Showing posts from September, 2020

A Museum Explains it All

View of the museum  During our beautiful fall weather last Saturday, my husband and I had a chance to check out the Museum of the History of Riga and Navigation. From the outside, the museum isn't too impressive, as you can see in the photo on the left. It's in a building adjacent to the St. Mary's Cathedral in Old Town Riga. Big Christopher statue   But, inside the treasures we found brought life to many of the items that I've written about on this blog. For one thing, we saw the original Big Christopher statue that I wrote about in my May 6th blog. This original statue was built in 1683. No wonder they keep it in the museum now.  Ancient logs We also saw items dating back to the 1200s. Among them were logs from a wooden bridge. These items were discovered in 1939 while doing excavation work in Old Town Riga. The items were buried about 10 feet below the ground surface - as I described in the August 19th blog.  Ancient shoes found in site   Remains of the excavated shi

One Castle, Two Events, Two Centuries

  Schloss Hartenfels  Last week I introduced you to the castle in Torgau, Germany - the one with the bears in the moat. This week I'm going to tell you about two important events that happened at the Schloss Hartenfels 400 years apart.  The first event happened in 1544 and is important to Lutherans. Duke John Frederick, nephew of Frederick the Wise, commissioned Martin Luther to design the new chapel in the palace. It was the first space specifically designed for Protestant worship.  Castle Chapel  The free-standing altar was unique at the time, allowing the pastor to consecrate the Lord's Supper facing the people. The simplicity of the design was in contrast to the ornate decorations in Catholic Churches in Europe. The same design became the model in other churches built subsequently for Lutheran worship.  Pulpit The pulpit was built in the middle of the worship space, as was common in many churches, so that the preacher could be heard throughout the chapel. The choir loft was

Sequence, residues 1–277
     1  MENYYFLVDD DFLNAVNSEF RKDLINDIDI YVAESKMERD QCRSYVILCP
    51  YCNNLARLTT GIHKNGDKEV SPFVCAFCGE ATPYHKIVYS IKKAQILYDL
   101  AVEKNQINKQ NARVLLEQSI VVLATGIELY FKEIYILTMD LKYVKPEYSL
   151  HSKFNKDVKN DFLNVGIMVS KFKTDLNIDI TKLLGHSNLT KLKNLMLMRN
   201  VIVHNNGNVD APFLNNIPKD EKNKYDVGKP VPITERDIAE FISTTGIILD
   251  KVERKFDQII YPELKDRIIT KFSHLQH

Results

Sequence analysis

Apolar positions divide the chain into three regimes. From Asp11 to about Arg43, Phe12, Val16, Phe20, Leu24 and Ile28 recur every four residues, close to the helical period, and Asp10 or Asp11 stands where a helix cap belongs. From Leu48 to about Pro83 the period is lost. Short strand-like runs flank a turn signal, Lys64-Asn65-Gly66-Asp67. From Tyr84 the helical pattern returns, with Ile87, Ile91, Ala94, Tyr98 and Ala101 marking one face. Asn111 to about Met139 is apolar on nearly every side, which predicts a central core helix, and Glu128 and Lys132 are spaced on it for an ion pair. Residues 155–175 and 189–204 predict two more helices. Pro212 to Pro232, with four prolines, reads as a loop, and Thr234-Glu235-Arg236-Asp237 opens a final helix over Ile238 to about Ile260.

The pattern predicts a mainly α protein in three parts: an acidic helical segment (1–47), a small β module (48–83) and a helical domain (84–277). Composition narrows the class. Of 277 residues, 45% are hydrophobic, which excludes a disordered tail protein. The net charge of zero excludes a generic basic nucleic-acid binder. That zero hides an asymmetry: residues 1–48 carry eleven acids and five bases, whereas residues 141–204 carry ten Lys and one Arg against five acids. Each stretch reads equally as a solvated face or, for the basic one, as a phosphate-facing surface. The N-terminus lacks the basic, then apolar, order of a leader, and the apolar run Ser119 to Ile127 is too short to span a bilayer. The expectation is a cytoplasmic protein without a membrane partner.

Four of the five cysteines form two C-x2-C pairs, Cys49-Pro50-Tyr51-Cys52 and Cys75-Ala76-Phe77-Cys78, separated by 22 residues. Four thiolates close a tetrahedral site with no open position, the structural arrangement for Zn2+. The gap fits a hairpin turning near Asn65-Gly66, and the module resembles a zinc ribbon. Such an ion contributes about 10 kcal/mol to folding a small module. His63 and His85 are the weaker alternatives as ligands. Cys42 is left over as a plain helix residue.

Yikes, Bears!

Bear on the move  When we were in Germany last month, we visited a castle that had a unique way of defending itself since 1425. Instead of filling the moat separating the castle from the city with water, the duke living in the castle was protected by a bear pit. When the enemies were approaching the castle, the duke could raise the drawbridge and have the enemy face a moat with bears in it. I'm guessing that the threat of a bear attack kept most enemies from climbing down the twenty foot wall to cross over to the castle walls.  The bear pit Drawbridge to castle Protected by the bears, Schloss Hartenfels was located in the city of Torgau along the Elbe River in eastern Germany. Over the 500 years of its existence, the castle has seen many phases of construction. Today it is a beautiful fortress with a spacious courtyard in the center. Art on the tower Castle tower One of the unique things about the castle is the tower protruding into the inner cou

Why Roosters?

Rooster on top of Dom Cathedral  Last week I wrote about cats being on the roof of a building, but today I'm going to share the reason that we have roosters sitting on the tip of churches in Riga. When we first moved to Riga, we noticed that some churches have the usual crosses on the top of them, but others have roosters sitting on top of the steeple. I couldn't recall ever seeing a rooster on top of a steeple. On doing more research, I was wrong to think that other countries don't have these on steeples. I found out that's it's common in European countries to see roosters on top of Lutheran churches. Our Lady of Sorrows Church The more common cross on the top of a steeple is found on Catholic churches in Europe. We have a couple of them in Old Town Riga as well. And, some Catholic churches in Europe have roosters sitting on top of crosses. So, the question popping into my head is why a rooster? After looking at several sources, it seems like ther

Furry Felines in Riga

Nice kitty  If you're a cat lover, you'll probably feel at home in Riga. Cats seem to roam the city whenever I go out walking. I'm not a cat-lover, but I'm sure that if you are one, you'd love it. Last winter when we moved here, I remember seeing cats sit on the hoods of black cars parked near our flat. At the time, I didn't think much of it, but I bet that the hoods were warm yet, hence the perfect spot to take a nap. Wandering the streets Hiding in plain sight The cats don't appear to be the wild type, afraid of people. I've seen tourists walk up to them and start petting them and even pick them up. I'm not sure if they are owned by people and roam during the day, or if they are just city cats in general. They certainly look like they are well-fed. The most famous cat-related thing in Riga, however, is a building that is known as the "Cat House." This particular building has a very interesting story connected wit